10. Liberty1776

    Liberty1776 Member

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    Yes, you want no contact on the bottom of the recoil lug. That can prevent the action from fully snugging up. I always just clear out the bottom lug area of all glass with a straight chisel. This gun should shoot like magic...
     
  11. kis2

    kis2 Member

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    Thanks all for the help

    Here's what I ended up with. Took a blade and whittled out the bottom of the recoil lug area, seems like I got plenty out.

    Some of the epoxy stuck to my metal on the recoil lug and like 9 o clock of the action. Don't know if I should leave that or remove it. Seems like it'd be OK to leave.

    Not tons of epoxy on the back wall of the recoil lug slot, but it clearly made contact. Rear action screw area looks good. First inch of barrel channel I'm not convinced made any contact, the epoxy doesn't look very squished.

    What do you think? Good enough? Shoot it and see how it does, or do some additional epoxying?

    Keep in mind I was happy with my accuracy before, I just figured while I was free floating the barrel a bit (which is good to go now) I may as well.

    Thanks for the help
     

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  12. kis2

    kis2 Member

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    part of me feels like taking a dremel grinder to it and trying again, this time grinding a bit into the aluminum block and having the recoil lug taped up. more epoxy under the barrel too.

    but I hate waiting 24 hours!

    EDIT TO ADD:

    and so I did. I dremeled off the front epoxy and what was in the recoil lug gap. gave it some additional room down in there. got the epoxy off the metal, retaped and release agented everything. dremeled the aluminum block a bit. re applied epoxy up front, added more to the first inch of barrel area. got it back in, screws in, rubber band on.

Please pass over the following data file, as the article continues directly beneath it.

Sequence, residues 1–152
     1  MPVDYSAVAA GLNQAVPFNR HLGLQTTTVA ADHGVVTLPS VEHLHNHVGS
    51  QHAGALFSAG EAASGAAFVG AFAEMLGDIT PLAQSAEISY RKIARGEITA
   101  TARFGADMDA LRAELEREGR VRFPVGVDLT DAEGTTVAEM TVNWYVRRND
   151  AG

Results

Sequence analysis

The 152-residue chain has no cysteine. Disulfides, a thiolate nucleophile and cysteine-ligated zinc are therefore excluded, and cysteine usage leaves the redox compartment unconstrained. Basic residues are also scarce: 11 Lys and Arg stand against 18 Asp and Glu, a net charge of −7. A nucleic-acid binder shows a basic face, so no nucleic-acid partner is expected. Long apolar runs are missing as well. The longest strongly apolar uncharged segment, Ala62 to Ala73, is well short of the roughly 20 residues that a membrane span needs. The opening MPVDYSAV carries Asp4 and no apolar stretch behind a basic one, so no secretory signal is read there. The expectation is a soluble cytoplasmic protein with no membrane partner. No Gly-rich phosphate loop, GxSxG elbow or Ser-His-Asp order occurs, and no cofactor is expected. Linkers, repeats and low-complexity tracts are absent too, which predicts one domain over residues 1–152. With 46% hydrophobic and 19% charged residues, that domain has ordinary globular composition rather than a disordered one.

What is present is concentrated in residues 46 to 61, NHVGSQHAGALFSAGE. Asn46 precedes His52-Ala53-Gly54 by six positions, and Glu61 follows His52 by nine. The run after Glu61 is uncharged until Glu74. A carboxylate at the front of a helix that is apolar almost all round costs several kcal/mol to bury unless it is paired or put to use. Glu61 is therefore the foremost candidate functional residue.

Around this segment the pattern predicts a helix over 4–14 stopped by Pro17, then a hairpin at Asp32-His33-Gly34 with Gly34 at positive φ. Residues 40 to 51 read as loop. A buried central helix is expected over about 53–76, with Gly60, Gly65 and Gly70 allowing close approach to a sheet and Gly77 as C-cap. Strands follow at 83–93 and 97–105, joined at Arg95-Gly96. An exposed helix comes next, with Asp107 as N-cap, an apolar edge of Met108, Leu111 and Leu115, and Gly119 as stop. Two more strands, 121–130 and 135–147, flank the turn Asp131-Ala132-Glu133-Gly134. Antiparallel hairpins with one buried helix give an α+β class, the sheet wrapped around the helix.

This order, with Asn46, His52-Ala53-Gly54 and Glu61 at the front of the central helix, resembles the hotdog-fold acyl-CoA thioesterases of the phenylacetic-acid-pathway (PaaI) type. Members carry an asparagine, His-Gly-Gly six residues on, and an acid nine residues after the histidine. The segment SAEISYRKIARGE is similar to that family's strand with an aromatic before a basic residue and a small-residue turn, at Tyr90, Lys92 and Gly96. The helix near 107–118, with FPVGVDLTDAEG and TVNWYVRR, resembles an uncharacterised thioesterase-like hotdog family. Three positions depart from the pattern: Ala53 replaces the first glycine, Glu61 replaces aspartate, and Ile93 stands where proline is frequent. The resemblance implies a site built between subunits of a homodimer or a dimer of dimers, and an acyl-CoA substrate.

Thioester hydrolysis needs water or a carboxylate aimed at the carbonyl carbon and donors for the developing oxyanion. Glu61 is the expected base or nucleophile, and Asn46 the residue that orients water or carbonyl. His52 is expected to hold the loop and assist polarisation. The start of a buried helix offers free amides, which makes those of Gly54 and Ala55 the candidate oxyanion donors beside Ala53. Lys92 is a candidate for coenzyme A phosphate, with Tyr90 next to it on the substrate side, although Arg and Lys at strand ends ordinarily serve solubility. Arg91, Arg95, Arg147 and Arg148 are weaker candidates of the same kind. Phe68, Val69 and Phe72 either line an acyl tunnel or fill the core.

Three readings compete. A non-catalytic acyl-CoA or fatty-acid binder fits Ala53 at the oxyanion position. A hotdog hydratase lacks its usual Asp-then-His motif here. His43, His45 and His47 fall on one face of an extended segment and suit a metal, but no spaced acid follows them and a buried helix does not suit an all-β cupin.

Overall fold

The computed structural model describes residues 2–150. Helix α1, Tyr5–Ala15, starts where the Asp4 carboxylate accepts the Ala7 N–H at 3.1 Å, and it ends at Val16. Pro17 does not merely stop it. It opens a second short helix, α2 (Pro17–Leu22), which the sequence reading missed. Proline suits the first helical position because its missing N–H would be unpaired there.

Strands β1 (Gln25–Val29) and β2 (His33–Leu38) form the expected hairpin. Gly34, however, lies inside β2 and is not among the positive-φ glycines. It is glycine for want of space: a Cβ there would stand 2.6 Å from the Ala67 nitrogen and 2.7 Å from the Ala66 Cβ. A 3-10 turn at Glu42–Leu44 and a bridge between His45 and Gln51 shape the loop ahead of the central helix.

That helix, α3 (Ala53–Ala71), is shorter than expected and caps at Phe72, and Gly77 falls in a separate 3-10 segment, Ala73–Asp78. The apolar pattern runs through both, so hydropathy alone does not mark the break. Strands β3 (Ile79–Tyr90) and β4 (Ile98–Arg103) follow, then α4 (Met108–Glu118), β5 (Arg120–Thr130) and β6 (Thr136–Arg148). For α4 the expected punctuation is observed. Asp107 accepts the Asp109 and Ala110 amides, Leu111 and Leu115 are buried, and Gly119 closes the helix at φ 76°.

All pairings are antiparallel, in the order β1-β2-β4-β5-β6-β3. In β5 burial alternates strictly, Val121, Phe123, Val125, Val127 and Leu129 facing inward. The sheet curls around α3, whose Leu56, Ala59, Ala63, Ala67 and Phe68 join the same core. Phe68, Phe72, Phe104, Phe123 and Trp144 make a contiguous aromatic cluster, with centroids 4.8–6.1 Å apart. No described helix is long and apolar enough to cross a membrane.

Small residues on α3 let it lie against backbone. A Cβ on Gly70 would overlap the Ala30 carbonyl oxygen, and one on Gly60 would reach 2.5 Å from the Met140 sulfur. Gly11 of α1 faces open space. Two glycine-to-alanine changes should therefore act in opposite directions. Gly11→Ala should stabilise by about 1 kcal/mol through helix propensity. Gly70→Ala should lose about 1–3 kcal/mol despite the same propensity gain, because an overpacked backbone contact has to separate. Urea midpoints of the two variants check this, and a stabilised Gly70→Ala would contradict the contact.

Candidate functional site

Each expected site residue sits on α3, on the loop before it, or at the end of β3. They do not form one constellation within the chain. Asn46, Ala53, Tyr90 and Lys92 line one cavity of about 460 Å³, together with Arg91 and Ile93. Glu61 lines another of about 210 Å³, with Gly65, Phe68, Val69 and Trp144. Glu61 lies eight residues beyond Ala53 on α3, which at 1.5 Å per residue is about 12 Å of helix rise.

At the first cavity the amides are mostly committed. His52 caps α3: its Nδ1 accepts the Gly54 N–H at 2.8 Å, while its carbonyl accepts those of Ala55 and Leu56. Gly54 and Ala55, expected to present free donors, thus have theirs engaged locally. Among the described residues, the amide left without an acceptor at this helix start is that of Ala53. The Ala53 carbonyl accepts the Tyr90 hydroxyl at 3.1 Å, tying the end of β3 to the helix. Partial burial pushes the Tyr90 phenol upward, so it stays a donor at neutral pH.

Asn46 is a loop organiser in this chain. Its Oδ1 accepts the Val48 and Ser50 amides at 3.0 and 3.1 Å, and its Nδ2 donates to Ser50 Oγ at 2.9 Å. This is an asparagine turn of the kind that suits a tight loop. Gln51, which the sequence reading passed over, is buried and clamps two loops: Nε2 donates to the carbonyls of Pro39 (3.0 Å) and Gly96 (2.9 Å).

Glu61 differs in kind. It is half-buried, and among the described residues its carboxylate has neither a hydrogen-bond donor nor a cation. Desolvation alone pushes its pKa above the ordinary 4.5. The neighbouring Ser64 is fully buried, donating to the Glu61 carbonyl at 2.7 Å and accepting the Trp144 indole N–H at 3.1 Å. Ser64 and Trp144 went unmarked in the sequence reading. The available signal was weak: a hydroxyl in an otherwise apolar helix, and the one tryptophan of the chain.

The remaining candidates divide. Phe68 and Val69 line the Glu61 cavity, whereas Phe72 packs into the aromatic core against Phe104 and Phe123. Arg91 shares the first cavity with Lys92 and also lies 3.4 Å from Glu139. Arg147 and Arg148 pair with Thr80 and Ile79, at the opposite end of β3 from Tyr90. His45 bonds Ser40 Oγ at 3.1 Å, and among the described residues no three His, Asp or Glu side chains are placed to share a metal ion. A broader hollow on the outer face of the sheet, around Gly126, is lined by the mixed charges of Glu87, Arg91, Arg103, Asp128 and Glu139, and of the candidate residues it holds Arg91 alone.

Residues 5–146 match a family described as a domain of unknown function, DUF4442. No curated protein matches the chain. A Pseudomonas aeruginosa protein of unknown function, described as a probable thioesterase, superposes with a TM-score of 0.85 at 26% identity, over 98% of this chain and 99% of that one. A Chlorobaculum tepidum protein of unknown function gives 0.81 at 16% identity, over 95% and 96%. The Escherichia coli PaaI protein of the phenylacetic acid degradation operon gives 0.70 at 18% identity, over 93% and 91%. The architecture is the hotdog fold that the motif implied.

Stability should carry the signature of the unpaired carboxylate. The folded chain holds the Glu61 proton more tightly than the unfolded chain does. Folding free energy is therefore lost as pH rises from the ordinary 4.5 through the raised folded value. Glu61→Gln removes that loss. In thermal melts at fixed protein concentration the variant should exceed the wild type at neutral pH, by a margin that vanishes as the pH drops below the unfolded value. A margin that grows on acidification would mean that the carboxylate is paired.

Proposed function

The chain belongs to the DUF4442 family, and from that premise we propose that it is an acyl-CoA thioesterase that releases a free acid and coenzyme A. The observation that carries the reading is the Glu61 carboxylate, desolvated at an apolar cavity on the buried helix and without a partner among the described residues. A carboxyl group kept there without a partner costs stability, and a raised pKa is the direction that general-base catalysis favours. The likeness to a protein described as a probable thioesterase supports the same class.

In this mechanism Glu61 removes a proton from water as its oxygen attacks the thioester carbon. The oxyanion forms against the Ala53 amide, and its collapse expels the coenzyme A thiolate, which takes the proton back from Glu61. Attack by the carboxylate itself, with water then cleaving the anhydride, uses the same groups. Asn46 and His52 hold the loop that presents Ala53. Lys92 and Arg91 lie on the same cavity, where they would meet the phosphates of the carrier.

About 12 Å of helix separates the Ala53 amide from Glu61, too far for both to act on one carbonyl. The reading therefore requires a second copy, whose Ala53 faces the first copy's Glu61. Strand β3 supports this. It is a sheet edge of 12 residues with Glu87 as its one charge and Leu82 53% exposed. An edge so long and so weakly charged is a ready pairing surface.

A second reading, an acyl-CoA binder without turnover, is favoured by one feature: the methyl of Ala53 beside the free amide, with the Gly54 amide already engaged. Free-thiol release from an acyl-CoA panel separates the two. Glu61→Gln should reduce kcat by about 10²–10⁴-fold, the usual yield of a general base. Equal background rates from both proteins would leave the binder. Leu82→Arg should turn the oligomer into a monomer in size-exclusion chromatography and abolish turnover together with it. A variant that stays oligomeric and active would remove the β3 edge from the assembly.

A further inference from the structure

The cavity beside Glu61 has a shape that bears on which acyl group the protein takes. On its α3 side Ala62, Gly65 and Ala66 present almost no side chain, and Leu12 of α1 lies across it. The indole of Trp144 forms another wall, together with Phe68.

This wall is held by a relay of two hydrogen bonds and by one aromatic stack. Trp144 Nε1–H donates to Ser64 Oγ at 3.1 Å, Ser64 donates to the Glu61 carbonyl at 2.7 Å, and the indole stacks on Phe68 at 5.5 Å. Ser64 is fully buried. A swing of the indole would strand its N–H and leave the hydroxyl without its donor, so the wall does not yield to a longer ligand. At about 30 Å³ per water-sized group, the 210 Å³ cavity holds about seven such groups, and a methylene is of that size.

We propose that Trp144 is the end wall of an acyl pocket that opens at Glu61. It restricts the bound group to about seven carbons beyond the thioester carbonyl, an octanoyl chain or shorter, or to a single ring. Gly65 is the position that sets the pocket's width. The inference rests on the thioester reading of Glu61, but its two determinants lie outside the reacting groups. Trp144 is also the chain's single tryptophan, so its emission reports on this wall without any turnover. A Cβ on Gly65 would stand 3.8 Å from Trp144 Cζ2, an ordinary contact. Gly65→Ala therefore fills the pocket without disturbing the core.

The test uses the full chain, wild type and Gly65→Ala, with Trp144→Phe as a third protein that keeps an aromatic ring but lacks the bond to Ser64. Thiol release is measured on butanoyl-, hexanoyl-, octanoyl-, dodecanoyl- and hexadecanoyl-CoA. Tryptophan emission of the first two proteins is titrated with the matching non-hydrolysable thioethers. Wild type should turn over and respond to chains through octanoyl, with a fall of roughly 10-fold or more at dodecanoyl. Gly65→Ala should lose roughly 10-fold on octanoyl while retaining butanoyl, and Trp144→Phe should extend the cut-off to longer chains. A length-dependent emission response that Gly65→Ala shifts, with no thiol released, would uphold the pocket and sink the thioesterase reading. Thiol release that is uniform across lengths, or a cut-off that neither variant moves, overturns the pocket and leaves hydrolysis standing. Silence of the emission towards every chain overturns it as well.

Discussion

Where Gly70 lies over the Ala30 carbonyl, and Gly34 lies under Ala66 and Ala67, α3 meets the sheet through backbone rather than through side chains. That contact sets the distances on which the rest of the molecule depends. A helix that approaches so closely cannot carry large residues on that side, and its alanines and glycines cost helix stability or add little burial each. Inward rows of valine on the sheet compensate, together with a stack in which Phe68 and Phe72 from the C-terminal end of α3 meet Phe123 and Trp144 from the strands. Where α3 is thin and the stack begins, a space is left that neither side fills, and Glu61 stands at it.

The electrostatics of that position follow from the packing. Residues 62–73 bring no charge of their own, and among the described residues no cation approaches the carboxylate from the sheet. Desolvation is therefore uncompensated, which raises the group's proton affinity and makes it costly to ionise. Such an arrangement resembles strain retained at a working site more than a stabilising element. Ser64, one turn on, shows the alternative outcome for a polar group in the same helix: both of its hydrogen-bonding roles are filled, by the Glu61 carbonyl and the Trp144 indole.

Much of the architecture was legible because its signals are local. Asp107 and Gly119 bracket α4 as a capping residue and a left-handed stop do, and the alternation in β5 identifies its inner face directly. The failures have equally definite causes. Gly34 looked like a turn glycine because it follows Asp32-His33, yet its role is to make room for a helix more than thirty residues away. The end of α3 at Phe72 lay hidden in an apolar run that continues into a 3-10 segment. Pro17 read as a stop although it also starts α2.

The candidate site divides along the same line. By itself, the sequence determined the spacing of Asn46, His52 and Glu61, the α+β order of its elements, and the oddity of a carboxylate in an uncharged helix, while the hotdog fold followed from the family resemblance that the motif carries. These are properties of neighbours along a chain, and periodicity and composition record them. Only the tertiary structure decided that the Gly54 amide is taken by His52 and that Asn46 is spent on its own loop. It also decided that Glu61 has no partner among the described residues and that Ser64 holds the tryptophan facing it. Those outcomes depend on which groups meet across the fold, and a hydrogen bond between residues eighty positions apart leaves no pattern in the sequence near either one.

wait and see again.
     
    Last edited: Apr 14, 2013
  13. MountainBear

    MountainBear Member

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    That was the correct call...
     
  14. kis2

    kis2 Member

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    was hoping someone would say so mountainbear, thanks. I didn't take much off the aluminum block, but based off the wear marks I had lots of room in there anyway, and it is currently sitting at its same, pre-epoxy height in the stock. I think thats a win.

    I think part 2 is going better. little more coverage, better fit, and recoil lug taped right.
     
  15. kis2

    kis2 Member

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    hey all,

    just to put some closure on this, my second attempt went much better. metal was still sitting at the correct height in the stock, first inch of barrel now has support, the recoil lug got bedded right and the action has a much better fit. very tight taking it in and out of the stock now and you just about don't need to bolt it down for it to look like it is. despite all my release agent, I still had some of the epoxy come up with the metal. It was just a bit though, and came right off.

    Still not a professional level job, but all that matters is what happens on paper right? so here are my three-shot groups for today. I consider it a great success. while the rifle itself may have gained a little bit of accuracy, I really like the consistency I see now.

    thanks for the help and advice